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September 01, 2008


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Why must you torture me like this?!


Why must you torture birds to eat?!


Braingirl: better to lure you with, my dear. And *you* should talk! I got the Reynaud _Terrine_ book today, btw. Drooled much over coffee this morning. I've some questions for you about it, so get set.

EJ: My survival requires the killing of living things. In how I choose to live my life this means plants and animals, plus in the transport, growth and maintenance of these living things, fossil fuels etc. that harm the planet. I find this philosophically and theologically a difficult thing, one that has grabbed much of my attention, interest, thought on a daily basis. There isn't much I feel comfortable with in regards this: I'm not sure I'm leaving the world around me better for all I've taken from it. I do try, by walking or using public transit, by buying locally from responsible growers who are concerned about the health of the earth, their animals, and the earth around them, much the same way I am, (by choosing a home that was located in such a way as to allow me to do these things), and by how I vote or how I otherwise cast my support behind causes. The fact that I eat more than a person needs for sheer survival is also painful, though here again, though a flawed self, I do so far less than statistically I'm told other's do. I'm on the low side of my BMI, and for all I cook and bake, I try hard not to waste in terms of fuel or of food. That the road to hell is paved with such good intention is certainly an argument that can be made--I certainly make it. I'm sorry I haven't come up with better, but this is as far as I've got.

If you are against meat production of any kind because you see animals as having greater value than plants, I can see that this offends you. If however, you mean that foie gras is a point of greater harm than any of the things I've listed above, I strongly disagree with what informs your perspective. I've been to goose farms that produce foie gras, close close up to the geese, on both sides of the Atlantic, and I'm more than satisfied that their lives are less likely to subject them to what you call torture than the vast majority of animals raised for food, certainly to a point of no comparison to animals raised in feedlots etc.. I've seen them fed, a matter of a flash in terms of time. They certainly seem less burdened in their lot in life than, say, the happiest of dairy cows. Maltreatment shows up immediately in the liver: these are animals that have to be treated well in order to have the investment made in them to pay off.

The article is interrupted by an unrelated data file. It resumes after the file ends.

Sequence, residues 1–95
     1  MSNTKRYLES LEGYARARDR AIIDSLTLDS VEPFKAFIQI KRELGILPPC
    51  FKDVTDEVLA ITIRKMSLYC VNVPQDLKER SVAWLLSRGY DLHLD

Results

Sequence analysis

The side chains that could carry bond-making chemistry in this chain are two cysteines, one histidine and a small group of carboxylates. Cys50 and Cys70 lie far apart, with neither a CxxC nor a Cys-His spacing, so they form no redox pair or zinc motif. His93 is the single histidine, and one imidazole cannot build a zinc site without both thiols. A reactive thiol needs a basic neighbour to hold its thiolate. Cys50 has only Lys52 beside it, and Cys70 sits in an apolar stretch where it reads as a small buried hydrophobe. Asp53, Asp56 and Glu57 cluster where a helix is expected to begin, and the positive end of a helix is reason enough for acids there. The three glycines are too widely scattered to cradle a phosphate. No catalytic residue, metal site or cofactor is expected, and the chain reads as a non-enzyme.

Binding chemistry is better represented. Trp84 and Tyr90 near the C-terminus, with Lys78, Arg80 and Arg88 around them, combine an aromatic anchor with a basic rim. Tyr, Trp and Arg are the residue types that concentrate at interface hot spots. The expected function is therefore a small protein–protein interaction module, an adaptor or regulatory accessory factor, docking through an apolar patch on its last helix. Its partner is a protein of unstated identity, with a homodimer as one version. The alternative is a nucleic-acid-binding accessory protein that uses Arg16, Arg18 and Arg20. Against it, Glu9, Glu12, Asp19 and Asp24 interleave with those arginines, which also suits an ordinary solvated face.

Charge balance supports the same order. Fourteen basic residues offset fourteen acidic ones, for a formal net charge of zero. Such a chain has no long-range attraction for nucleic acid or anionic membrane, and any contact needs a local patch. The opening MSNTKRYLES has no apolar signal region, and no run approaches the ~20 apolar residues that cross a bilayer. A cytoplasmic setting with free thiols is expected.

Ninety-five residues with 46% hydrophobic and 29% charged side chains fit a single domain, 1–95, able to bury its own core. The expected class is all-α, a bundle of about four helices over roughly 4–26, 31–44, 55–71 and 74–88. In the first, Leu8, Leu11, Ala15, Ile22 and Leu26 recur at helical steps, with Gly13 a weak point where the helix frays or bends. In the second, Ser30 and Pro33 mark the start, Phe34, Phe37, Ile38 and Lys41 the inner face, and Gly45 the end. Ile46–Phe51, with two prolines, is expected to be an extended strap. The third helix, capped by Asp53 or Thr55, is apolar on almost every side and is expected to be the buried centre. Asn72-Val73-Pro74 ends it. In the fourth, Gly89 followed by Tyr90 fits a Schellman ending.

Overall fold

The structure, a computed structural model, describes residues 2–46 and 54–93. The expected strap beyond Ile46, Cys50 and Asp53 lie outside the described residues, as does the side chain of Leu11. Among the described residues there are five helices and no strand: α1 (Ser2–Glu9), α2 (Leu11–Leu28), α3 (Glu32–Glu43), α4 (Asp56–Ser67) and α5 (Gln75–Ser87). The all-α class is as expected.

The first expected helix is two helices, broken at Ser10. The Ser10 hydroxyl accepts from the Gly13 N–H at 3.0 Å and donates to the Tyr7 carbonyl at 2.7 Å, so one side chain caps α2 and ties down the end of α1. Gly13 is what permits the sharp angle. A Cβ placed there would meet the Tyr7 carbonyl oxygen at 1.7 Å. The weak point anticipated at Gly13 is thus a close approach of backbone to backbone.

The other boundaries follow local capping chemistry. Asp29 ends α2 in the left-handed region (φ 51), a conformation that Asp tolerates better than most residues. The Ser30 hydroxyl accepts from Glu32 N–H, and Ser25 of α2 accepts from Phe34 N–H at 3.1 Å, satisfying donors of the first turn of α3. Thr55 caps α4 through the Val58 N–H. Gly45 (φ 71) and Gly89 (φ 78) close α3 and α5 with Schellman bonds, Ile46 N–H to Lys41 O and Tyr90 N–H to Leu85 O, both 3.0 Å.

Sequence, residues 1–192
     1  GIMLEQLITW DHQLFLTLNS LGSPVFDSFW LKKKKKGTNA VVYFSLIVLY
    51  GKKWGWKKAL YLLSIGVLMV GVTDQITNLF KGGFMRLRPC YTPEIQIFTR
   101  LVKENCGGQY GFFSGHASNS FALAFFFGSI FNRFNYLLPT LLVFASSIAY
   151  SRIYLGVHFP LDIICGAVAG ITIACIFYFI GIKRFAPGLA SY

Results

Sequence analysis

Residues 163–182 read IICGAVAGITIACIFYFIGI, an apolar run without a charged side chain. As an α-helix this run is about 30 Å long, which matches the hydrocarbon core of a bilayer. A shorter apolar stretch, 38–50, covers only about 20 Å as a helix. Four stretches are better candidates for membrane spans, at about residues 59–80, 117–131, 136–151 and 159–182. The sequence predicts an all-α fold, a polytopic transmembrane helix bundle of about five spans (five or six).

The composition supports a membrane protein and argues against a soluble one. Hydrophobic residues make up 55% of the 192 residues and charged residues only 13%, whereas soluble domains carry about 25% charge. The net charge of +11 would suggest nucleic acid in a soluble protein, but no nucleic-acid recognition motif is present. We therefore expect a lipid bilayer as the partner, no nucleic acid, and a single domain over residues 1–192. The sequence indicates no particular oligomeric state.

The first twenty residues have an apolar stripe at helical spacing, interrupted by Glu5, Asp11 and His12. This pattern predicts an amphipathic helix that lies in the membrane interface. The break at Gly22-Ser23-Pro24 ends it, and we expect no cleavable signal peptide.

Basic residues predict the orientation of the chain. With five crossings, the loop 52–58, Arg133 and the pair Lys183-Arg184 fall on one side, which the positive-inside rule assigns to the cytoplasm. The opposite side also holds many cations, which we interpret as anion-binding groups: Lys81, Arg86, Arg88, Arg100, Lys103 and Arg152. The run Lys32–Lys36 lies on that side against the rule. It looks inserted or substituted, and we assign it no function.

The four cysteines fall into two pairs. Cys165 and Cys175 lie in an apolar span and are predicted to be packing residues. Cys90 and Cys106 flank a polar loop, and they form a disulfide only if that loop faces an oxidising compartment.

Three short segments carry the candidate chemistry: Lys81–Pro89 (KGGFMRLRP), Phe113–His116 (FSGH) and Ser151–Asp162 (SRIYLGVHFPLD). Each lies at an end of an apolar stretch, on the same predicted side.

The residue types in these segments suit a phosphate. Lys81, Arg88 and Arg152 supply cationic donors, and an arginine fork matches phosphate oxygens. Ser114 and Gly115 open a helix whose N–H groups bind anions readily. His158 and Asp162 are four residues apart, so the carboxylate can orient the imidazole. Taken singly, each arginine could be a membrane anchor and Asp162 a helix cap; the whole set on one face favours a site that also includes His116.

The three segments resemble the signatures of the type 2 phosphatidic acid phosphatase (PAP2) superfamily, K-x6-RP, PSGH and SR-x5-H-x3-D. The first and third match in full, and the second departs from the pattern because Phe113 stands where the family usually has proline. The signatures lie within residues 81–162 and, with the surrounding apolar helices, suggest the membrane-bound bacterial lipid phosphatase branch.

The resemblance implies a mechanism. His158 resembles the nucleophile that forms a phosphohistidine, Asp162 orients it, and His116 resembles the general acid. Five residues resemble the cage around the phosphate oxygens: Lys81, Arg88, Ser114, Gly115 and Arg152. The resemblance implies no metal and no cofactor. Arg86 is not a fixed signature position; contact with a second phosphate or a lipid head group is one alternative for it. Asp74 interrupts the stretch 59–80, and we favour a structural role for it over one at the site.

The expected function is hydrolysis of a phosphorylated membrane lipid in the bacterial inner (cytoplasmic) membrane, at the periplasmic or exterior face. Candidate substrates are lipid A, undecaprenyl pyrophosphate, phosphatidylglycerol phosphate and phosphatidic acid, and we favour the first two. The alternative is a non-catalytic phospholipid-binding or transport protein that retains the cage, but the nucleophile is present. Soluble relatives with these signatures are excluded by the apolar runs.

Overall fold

I have never eaten a fastfood hamburger, or a hamburger of any kind for that matter. (And though I don't know how you would have responded had I posted that I had just eaten one, I've a feeling it wouldn't have triggered the "torture" response the same way.) I don't believe in feedlot food of any kind, and I go to great lengths to avoid it. This applies to the restaurants that I eat--as best I can help it--and to all meat, eggs and most of the dairy that enters my house.


EJ, do your homework. No torture involved.


Ah, you jump to conclusions. True, I haven't eaten meat in 30 years. But I do raise pigs, sheep, ducks and chickens here on my farm. I know they live happy lives and die quickly. I am happy to cook them and feed them to both my partner and my dog.

My problem is with goose liver in particular. Read here http://www.all-creatures.org/articles/foiegras-awake.html and here: http://en.wikipedia.org/wiki/Goose_liver for more information. Force feeding is not humane.


It's hardly jumping to conclusions to say that *if* vegetarianism is what you're a proponent of, I admit it unlikely that you will find my answer satisfying.

But you might give me credit for attempting to nevertheless answer thoughtfully, if perforce, only partially. I do mean to say that eating this food is, after talking to producers, and visits to farm, and doing research (of a quality somewhat above what you brought here), is within range of what I find acceptable, yet I state this in deep knowledge of an existential burden that's difficult to sort out. I'm about as comfortable and as uncomfortable eating foie gras as with having dairy cows, even the best treated ones, forced into production so I can buy cheese. I don't by that think that saying this serves to dismiss concerns about foie gras production, but rather to boldly state that it's *all* a big deal. And that even doing my best, it's still not easy. [Incidentally, Braingirl who sweetly comes to my defense, is a heavyweight in terms of knowledge of meat production in the U.S.. But, even I, who am not, know how to do research belied in the gentle life-loving tone of my writing on these pages.]

I find out in your answer that you're not interested in hearing my thinking, but instead quote Leviticus to me, which if anything prove the very conclusion you indict me of rushing to, that you come to accuse with heavy ideology, more so than with intellectual curiosity or at least hard fact. If Leviticus is a comfortable standard for you by which to judge me, I doubt much in this blog will serve as more than an annoyance to you.

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